This weekend, Treasury Secretary Henry Paulson, former head of the Goldman Sachs investment house, provided us with a perfect demonstration of Wall Street socialism.
He announced that the Bush administration would seek congressional approval to bail out Fannie Mae and Freddie Mac, the government created but privately owned, profit-making housing finance companies that hold or guarantee nearly half of the U.S. mortgage market—some $5 trillion in debt. Paulson seeks and will get an unlimited line of credit to guarantee their debt, as well as authority to purchase their shares to supplement their capital base. The Federal Reserve announced it was ready to provide lending while waiting for Congress to act. Paulson said the new subsidies were designed to sustain the two institutions in "their current form."
Perfect. The two institutions have always been more fowl than fish. Created by the government in the 1930s to help lubricate the U.S. mortgage market by buying mortgages from the banks so they would have the cash to make more mortgages, Fannie and Freddie were able to borrow money at a discount because of a widely shared assumption that the government would stand behind their debts if push came to shove. Their operations were regulated, limited by laws detailing what mortgages they could assume. (They were essentially prohibited from diving directly into the subprime muck.)
But as they grew and profited, their executives pocketed lavish salaries and bonuses—giving them an incentive to grow even more (and as we discovered earlier this decade, to cook the books). Last year, for example, the Chair of Freddie Mac took home a cool $18,289,575. Fannie Mae CEO Daniel Mudd reaped a 7 percent rise in pay to $13.4 million in 2007 while the company lost $2.1 billion and its shares fell 33 percent. Nice work if you can get it.
Now with the bursting of the housing bubble, push surely has come to shove. Foreclosures are soaring, the two institutions have sustained billions in losses, their shares have plummeted, and, according to former St. Louis Federal Reserve President William Poole, one and possibly both would be bankrupt if their assets were marked down to their current market value.
So now the Bush administration proposes to make the federal guarantee explicit and even to offer taxpayer money to help recapitalize the two banks if needed. Everything has been nationalized—except the profits and the pay scales of the bank's executives.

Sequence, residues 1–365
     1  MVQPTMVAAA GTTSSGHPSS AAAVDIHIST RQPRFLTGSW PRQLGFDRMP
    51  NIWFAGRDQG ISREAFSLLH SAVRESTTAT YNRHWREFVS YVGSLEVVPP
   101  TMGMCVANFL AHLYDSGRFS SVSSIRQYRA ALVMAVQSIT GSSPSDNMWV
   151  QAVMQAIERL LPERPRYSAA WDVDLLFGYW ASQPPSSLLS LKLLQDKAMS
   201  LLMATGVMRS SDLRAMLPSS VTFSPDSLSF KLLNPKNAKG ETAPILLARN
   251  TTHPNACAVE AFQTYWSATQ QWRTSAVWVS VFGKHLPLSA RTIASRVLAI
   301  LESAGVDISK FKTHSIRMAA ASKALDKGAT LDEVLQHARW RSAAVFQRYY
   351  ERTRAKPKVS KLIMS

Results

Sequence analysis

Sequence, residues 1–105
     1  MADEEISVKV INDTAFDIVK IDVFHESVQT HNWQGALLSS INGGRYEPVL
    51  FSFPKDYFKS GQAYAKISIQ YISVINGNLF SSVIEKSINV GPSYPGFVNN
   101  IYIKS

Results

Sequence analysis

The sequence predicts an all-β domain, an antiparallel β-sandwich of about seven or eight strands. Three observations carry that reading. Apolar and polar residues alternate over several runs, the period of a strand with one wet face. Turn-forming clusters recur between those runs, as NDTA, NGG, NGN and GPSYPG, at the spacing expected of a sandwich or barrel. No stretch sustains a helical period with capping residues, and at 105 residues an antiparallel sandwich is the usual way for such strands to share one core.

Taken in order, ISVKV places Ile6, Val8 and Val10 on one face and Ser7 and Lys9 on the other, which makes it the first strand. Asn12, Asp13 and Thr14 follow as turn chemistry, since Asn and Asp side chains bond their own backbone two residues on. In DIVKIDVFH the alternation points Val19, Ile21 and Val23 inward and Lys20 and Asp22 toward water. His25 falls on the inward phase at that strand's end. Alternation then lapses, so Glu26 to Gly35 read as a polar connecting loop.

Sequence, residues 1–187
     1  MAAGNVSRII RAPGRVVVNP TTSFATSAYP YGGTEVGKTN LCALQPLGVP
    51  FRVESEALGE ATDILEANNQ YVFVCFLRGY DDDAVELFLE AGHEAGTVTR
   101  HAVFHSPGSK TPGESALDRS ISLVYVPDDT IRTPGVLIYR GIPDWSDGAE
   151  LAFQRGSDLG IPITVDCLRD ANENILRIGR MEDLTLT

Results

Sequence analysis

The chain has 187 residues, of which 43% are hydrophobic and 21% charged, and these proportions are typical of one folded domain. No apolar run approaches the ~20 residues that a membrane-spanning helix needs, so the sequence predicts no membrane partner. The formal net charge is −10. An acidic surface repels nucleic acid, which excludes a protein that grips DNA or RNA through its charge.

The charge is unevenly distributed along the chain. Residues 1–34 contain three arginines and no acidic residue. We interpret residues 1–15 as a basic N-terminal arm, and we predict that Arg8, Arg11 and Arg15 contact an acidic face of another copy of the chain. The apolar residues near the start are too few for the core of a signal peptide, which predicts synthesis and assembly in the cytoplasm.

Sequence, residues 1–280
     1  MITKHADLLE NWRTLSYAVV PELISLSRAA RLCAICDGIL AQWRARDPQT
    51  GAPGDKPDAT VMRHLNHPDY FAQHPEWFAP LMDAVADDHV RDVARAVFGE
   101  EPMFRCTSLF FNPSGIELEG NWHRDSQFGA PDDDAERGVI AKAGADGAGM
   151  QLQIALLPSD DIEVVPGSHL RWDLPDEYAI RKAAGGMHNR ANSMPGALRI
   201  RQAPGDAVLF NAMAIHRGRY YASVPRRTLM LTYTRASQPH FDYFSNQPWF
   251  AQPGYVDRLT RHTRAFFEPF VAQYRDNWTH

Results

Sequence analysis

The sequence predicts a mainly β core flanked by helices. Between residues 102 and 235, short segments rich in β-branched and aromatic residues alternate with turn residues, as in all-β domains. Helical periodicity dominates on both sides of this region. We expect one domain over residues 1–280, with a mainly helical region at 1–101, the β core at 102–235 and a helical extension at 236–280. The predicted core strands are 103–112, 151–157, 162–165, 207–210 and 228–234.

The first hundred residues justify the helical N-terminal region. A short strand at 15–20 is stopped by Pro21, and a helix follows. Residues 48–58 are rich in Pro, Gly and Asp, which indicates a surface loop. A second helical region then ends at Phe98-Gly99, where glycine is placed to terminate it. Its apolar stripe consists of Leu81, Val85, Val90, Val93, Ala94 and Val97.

That's right. If the guarantees work, private speculators, having driven the stock down, will clean up on the upside. And the bank's CEOs will continue to pocket the multimillion dollar salaries that are de rigueur on Wall Street. Call it Wall Street socialism. Their losses are socialized; their profits are pocketed. You and I will pay for their failures. And if conservatives have their way, their families will pocket their successes, without even having to pay a tax for the transfer of the estates we've helped to create.
These enterprises are operating on our tab now—completely. Why not just nationalize them, as even that font of economic convention, Sabastian Mallaby suggested yesterday in The Washington Post? Sure, we'd have to add the $5 trillion in debt to the federal balance sheet, but we could add the assets also. And after Paulson's announcement, global investors are already toting up their debts onto the federal balance sheet.
Why pay dividends to shareholders when they are essentially playing with our money? Why pay managers of public enterprises the bloated pay packages of Wall Street speculators? Why allow them to finance lobbyists to shield them from accountability? The fiction of their separate existence has been exploded; let's save the dough and run them efficiently.
The bailout of Fannie Mae and Freddie Mac is only the most recent and extreme version of Wall Street socialism. The Bush administration has done essentially the same for private providers of college loans. The Federal Reserve has made taxpayers the guarantor not simply of the banks that it regulates, but the shadow banking system of hedge funds and investment houses that it doesn't regulate. After the bailout of Bear Sterns, they basically are gambling with our money. The Federal Reserve has now traded more than $500 billion in federal bonds for the toxic paper of private banks and investment houses, some $200 billion of it in mortgage-backed securities, worth dimes on the dollar. This massive subsidy—justified as necessary to keep the banking system afloat—is not accompanied by limits on what gambles the speculators can make, how much debt they can take on, what rewards they can pocket. They are playing with house money—not exactly an incentive for prudence.
Republicans seem ideologically committed to these kinds of arrangements. In Medicare for example, conservatives have demanded that the government subsidize private insurance companies to compete with public Medicare, even though Medicare provides health care much less expensively. When Bush and the Tom DeLay Congress drove through the prescription drug bill, they included a provision that prohibits Medicare from negotiating cheaper prices for drugs, effectively turning the bill from a benefit to seniors to a multibillion-dollar subsidy to private drug companies (not surprisingly, after Wall Street, the drug companies finance one of the most lavish and powerful lobbies in Washington).
Now it makes sense to me for the government to subsidize housing mortgages and college loans. Encouraging home ownership and higher education are central to sustaining the broad middle class that is America's triumph. But I can't imagine why we need to let bankers and investors pocket the upside, when they are playing with our money and we're covering their losses. Public enterprise may be staid and bureaucratic, but it's a lot cheaper and more efficient than the perils of Wall Street socialism.